Thursday, November 29, 2018

Advent Book Club 2018 Week 1 - Peace & Simplicity...

Welcome, welcome to the 2018 edition of the Advent Book Club here at humble little Life of a Catholic Librarian! This is becoming quite a lovely annual tradition. In the past, I've also resurrected the Tea Time podcast for Advent and Lent, but I have to come clean and admit that I don't see that happening right now. Just not enough time in this stage of my life to do both blog and podcast, and if I have to pick one, I'm stickin' with old faithful: the blog. :) I've been blogging for about 10 years now!

At any rate, the 1st Sunday of Advent is this weekend, and we're starting our book club in anticipation of that big day. We're beginning with an excerpt and reflection question from chapters 1 and 2 of "Exploring the Catholic Classics," and getting ourselves all serene and anticipatory for Sunday. ;-) Chapters 1 and 2 feature the work of St. Thomas a Kempis and St. Therese of Lisieux. I'm going to put a distinctive Advent spin on the selections I'm pulling out, and you could certainly do this come Lent as well. :-) Let's see what these two holy individuals have to share with us that can boost our prayerfulness and quiet anticipation of joy during Advent:

Much peace could be ours if we did not occupy ourselves with what others say and do, for such things are of no concern to us. How can we long to remain in peace if we involve ourselves in other people's business, if we seek outside distractions, and if we are rarely, or only to a small degree, interiorly recollected? Blessed are they who keep to themselves, for they shall enjoy much peace.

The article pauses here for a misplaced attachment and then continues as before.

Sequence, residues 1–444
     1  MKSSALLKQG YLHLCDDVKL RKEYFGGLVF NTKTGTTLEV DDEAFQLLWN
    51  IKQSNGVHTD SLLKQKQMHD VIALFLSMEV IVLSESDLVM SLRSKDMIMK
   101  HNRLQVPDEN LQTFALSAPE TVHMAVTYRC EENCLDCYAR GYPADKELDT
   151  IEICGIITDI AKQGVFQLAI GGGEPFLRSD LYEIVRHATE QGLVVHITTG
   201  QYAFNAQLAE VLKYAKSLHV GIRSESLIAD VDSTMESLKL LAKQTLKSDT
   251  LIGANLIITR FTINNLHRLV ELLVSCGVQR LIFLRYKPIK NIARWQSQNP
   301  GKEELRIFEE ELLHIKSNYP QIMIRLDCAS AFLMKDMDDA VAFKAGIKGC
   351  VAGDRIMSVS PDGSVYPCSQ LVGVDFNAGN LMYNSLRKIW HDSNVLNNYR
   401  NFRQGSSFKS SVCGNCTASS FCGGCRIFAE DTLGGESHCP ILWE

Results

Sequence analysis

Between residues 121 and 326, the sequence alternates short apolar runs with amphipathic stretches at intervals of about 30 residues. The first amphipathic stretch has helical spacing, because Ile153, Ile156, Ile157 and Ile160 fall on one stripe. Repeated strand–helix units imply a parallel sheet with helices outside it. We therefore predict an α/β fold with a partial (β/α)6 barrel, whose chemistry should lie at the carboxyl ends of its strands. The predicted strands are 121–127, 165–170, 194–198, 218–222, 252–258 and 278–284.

- "The Imitation of Christ" by Thomas a Kempis 
To Reflect: In what ways can I structure a prayer routine that will help me to focus on Jesus and the cross as I go about the other daily tasks of my work?

In my adult years, peace is what I am striving for most during Advent, rather than the chaotic frenzy that is the Christmas shopping season in our secular world. Don't get me wrong - I love that everyone joins in the happiness of the Christmas season. But in terms of our faith, Advent should not be frenetic, even if we do have a lot of shopping to accomplish. It should be quiet and serene, focused on the simple joy of the expectant parents. Our world may not be quiet, but we can be in the silence of our hearts. Even where noise reigns, we can carry the precious feelings of new hope in a special child on a cold winter's night.

And in this way, our daily prayer during Advent is ever so important. Each morning, we can read from our Advent devotional of choice to carry the words in our hearts throughout our day, keeping Advent quiet and peaceful in our own way throughout the day. Focused on Jesus and what He did for us, but during Advent thinking specifically of His Incarnation.